North

Skiers hit the trails at annual Marsh Lake loppet

Although the focus was on skiing, the whole event on Saturday showcased Marsh Lake residents' community pride.

'Marsh Lake is the place to be,' said one long-time volunteer at Saturday's event

It was the first ski race for the whole Stipdonk family, dad Chris, mom Amy, 5-year-old Lindsey, 3-year-old Thomas and 2-month-old Holly. (Jane Sponagle/CBC)

More 150 cross-country skiers took to the trails around the Marsh Lake Community Centre on Saturday to take part in the 24th annual Marsh Lake classic ski loppet. Although the afternoon's focus was on skiing, the whole event showcased the community pride of Marsh Lake.  

Skiers could race in 1-kilometre, 2.5-kilometre, 10- and 20-kilometre events. The children's race was officially cancelled due to cold temperatures, but many youngsters hit the trails under their parents' supervision, including siblings 3-year-old Thomas and 5-year-old Lindsey Stipdonk.

Lindsey said she has practiced skiing at school and she's happy to have completed her first race.

"There was a corner there that was pretty sharp, so I just made it through there. I almost fell down at the finish line, but I didn't, so that's good," she said.

Thomas and Lindsey Stipdonk, after skiing at the Marsh Lake loppet. Thomas said he had fun but was looking to going inside for hot chocolate. (Jane Sponagle/CBC)

Thomas said he had fun in the race before heading inside for hot chocolate.

It was also the first time his dad Chris and mom Amy Stipdonk skied in a race.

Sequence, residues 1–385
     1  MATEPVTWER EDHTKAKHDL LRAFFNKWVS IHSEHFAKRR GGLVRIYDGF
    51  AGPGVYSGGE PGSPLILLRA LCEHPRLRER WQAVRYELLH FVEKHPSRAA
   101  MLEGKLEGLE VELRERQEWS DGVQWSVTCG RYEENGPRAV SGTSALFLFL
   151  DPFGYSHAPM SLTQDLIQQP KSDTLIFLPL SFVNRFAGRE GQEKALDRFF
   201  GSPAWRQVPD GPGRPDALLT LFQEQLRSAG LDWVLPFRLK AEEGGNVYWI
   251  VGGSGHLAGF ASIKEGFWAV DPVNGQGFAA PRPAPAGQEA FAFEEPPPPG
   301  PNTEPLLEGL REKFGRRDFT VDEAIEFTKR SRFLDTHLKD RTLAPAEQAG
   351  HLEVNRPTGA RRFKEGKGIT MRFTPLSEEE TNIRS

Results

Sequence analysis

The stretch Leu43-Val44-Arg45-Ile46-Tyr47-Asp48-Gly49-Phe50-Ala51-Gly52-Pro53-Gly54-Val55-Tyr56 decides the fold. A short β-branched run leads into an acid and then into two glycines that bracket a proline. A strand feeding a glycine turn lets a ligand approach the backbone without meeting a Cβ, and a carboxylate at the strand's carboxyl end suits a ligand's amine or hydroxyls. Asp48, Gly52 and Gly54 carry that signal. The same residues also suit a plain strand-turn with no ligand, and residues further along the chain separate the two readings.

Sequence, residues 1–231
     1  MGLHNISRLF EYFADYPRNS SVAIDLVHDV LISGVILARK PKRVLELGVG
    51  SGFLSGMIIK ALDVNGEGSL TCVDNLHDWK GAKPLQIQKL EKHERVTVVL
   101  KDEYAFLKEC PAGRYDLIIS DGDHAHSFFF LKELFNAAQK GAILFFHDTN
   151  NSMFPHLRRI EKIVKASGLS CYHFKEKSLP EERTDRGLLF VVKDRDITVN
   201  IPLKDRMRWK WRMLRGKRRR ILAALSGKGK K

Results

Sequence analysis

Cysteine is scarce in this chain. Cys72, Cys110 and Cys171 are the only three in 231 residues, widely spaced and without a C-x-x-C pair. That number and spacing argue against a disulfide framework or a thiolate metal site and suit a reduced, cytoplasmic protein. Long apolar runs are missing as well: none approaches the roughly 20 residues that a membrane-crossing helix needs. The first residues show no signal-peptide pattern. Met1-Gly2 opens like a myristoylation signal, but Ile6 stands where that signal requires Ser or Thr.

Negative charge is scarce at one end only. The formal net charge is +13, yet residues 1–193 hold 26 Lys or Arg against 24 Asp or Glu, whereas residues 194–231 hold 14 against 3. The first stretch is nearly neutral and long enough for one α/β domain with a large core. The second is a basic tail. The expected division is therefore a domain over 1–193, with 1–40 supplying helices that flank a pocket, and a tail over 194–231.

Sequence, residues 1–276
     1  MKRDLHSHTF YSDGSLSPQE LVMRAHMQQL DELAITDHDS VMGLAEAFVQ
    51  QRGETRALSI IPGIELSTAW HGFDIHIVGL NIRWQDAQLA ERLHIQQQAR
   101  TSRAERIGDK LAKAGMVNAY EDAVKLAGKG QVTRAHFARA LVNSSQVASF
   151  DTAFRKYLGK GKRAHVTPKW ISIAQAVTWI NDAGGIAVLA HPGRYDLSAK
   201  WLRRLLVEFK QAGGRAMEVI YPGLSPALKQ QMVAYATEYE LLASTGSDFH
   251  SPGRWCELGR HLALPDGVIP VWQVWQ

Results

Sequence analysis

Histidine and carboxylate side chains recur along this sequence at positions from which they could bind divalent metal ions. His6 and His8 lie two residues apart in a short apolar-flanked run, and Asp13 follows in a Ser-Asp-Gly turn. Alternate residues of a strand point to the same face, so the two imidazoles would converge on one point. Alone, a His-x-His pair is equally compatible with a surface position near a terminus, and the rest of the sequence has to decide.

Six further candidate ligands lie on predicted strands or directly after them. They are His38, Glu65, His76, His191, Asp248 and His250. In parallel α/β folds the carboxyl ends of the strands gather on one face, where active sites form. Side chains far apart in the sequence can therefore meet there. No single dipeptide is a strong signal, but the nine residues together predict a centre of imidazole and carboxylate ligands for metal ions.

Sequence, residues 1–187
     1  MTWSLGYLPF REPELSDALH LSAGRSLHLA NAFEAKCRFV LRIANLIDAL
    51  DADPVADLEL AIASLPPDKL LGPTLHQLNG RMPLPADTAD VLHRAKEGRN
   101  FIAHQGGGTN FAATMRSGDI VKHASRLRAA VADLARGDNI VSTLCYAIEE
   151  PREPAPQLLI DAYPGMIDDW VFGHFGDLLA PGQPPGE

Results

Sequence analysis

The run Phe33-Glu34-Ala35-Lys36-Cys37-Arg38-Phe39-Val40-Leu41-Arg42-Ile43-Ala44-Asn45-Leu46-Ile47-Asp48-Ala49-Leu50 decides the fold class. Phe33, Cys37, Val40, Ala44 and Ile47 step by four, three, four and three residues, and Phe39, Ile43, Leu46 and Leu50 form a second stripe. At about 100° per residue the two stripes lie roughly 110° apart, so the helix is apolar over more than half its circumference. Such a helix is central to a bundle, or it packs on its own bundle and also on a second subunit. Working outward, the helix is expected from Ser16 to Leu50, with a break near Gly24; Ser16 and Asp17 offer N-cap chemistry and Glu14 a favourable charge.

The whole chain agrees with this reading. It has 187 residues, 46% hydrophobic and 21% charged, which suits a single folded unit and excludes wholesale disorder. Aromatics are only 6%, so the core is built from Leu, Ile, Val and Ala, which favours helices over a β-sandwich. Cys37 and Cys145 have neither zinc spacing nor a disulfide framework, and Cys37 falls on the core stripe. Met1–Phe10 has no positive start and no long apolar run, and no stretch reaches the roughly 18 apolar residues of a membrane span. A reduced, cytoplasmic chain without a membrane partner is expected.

"It was so well-organized. The track was in really good condition, the volunteers were quite helpful. It was a good beginner race," said Chris Stipdonk, who already has his eyes set on a race in Mount Lorne next weekend.

A snow bear greets skiiers outside the Marsh Lake Community Centre. Local resident Paul Sparling has carved a snow bear over the past numbers of years. (Jane Sponagle/CBC)

Outside the Marsh Lake community centre, skiers were met by a large snow bear  - the loppet's mascot.

Paul Sparling says he has carved a bear from snow seven or eight times over the past number of years.

He called it "a labour of love."

"That one came together quickly," he said.

Sparling was dressed in a red plaid leisure suit . Participants were encouraged to dress in costumes in honour of race founder Paul Milner. Each year, a "Mr. Fun" award is handed out in his memory. Sparling has won the award in past years.

Sparling calls his bear carving 'a labour of love.' (Jane Sponagle/CBC)

Long-time volunteer Shirley Keobke was back at the loppet for the first time since moving from Marsh Lake to Whitehorse several years ago.

Keobke and her husband, Bucky, started volunteering at the second Marsh Lake loppet in 1996 and continued for 19 years.

She collected food vouchers by the canteen and got a lot of hugs in the process.

Long-time Marsh Lake volunteer Shirley Keobke returned to the community's loppet this year. It's the first time since she and her husband moved to Whitehorse several years ago. (Jane Sponagle/CBC)

"Marsh Lake is the place to be!" she exclaimed.

Keobke says the loppet brings everyone out.

She says it was awesome to be back.

"I love these people," Keobke said.

Sonjaa Schmidt is part of the Yukon Ski Team's youth squad. The team is getting ready to head to the Canada Winter Games in Red Deer, Alta., later this month. (Jane Sponagle/CBC)

Sonjaa Schmidt is part of the Yukon Ski Team's youth squad, which is getting ready to head to the Canada Winter Games later this month in Red Deer, Alta.

"I'm so grateful to have such a nice day on the trails," said Schmidt.

She says she accidentally skied the 20 kilometre trail, but said it was relaxing.

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